I Hid Illuminati Symbols In Graphics: Former News Employee

Fact checked

An OpEd featured on hopesandfears.com by a man who claims he inserted Illuminati symbolism into mainstream broadcast news segment graphics “because he was bored” is going viral.

The OpEd states:

When I was working for a major broadcasting conglomerate, I passed the time sneaking cult symbols into its affiliates’ news graphics. I don’t really know why I did it. Maybe because I’m just easily amused.

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I became interested in graphics when I was young. In high school, I used some savings to buy a new computer with really high quality graphics capability for its day and started making 2D cartoons, mostly involving things killing each other, because I was a teenage boy that was funny—things dying, things running into walls—all poorly animated.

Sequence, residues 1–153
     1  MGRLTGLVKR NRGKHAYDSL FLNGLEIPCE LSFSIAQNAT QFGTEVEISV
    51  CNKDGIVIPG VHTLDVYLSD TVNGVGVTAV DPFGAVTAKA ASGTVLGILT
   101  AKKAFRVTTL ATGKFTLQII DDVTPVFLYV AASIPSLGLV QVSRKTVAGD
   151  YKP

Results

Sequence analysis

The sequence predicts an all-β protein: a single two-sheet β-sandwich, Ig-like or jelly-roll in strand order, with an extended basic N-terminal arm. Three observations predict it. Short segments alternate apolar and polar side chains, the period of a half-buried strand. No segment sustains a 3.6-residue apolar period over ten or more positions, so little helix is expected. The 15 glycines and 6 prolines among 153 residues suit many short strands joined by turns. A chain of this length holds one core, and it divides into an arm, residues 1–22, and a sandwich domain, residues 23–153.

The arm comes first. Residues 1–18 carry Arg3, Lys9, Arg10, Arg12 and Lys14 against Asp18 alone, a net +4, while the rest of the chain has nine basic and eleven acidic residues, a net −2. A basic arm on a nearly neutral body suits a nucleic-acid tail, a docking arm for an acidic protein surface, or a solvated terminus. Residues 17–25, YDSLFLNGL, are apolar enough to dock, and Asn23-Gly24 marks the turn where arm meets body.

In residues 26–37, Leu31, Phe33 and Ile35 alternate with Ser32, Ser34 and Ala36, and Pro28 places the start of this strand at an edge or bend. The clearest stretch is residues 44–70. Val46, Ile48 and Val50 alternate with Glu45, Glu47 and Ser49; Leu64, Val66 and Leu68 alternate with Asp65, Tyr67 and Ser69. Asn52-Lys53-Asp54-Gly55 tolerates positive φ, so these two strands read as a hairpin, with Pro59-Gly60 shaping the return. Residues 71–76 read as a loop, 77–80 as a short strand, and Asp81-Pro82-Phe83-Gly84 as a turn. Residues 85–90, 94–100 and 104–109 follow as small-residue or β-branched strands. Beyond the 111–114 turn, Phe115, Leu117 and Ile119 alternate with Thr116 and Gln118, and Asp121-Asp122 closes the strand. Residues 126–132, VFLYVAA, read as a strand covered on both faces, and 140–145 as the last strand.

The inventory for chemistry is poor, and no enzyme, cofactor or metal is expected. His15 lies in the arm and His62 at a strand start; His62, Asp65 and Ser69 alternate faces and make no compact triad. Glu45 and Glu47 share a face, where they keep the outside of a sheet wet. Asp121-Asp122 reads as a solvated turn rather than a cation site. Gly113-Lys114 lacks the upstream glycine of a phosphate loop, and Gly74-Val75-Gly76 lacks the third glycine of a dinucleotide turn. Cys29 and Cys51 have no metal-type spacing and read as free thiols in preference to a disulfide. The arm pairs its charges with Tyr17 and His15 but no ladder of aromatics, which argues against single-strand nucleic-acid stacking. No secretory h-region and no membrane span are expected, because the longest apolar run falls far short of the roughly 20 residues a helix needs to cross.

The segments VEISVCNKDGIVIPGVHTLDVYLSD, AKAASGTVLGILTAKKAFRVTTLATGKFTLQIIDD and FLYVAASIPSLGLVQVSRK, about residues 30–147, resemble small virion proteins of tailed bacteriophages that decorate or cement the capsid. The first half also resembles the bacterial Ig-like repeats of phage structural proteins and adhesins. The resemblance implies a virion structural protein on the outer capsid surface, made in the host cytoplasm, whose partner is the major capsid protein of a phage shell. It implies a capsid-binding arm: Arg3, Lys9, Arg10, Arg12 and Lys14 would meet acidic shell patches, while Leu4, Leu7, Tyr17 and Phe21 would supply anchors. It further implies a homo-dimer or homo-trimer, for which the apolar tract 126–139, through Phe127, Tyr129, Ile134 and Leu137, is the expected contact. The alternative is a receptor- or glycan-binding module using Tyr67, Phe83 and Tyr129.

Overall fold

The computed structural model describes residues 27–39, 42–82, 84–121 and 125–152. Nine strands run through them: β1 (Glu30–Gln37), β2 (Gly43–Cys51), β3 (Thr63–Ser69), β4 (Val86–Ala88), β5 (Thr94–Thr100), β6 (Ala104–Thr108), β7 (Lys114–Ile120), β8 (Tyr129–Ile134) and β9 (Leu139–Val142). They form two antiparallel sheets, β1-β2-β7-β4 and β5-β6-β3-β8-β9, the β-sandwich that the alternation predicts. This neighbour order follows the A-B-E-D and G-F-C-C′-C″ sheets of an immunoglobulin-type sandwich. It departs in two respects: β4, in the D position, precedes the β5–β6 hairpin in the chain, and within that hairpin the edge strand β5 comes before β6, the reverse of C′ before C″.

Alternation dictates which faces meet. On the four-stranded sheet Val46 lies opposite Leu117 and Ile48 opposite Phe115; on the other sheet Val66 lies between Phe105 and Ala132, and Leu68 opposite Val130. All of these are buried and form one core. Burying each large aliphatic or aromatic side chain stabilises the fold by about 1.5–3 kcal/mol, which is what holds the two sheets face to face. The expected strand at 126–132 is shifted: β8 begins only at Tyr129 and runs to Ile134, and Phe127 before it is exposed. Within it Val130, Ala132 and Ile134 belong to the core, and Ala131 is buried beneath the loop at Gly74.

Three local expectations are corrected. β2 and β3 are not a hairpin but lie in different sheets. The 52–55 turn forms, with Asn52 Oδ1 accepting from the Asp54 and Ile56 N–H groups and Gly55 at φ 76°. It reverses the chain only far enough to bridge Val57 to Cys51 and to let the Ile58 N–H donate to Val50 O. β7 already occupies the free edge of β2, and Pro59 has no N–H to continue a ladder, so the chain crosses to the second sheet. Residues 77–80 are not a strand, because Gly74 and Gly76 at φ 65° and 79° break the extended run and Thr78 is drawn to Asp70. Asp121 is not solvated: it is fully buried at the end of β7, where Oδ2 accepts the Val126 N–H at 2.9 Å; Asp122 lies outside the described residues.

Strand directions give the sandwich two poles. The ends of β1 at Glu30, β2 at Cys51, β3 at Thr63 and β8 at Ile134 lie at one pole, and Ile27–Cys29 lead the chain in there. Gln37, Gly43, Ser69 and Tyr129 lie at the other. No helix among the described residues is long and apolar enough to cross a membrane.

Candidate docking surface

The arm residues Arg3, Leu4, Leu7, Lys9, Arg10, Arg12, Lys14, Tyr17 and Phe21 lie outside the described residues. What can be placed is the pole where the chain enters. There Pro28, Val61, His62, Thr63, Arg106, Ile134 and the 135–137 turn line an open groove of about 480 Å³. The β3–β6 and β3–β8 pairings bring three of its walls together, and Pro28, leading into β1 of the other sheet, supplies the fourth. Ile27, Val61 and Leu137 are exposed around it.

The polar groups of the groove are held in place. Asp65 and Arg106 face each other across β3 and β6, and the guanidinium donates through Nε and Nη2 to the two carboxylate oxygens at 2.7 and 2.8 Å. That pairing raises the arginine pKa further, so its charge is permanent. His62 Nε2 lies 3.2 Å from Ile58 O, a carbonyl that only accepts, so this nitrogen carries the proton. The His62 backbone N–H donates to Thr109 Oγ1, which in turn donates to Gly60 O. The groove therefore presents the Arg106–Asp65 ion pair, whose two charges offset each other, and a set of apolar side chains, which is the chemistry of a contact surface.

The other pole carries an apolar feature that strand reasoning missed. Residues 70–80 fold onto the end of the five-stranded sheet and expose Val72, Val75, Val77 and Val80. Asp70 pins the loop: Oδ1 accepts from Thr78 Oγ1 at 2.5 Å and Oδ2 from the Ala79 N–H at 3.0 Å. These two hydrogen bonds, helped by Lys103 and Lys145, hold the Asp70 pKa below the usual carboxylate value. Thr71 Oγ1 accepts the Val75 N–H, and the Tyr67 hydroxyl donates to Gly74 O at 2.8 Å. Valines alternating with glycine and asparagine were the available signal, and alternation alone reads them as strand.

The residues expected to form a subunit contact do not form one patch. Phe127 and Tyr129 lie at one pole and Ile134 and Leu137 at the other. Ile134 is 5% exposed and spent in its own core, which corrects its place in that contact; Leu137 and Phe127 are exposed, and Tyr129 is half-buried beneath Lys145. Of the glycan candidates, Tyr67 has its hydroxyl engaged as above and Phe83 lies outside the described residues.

I applied to a bunch of schools for Comp Sci and Electrical Engineering, but went to a state school. It was the cheapest and offered a good scholarship. At the time the school was in the process of dismantling their traditional arts studies department while simultaneously stepping up their computer graphics department, so I ended up in the imaging and digital arts field.

They liked my demo reel of killer teddy bears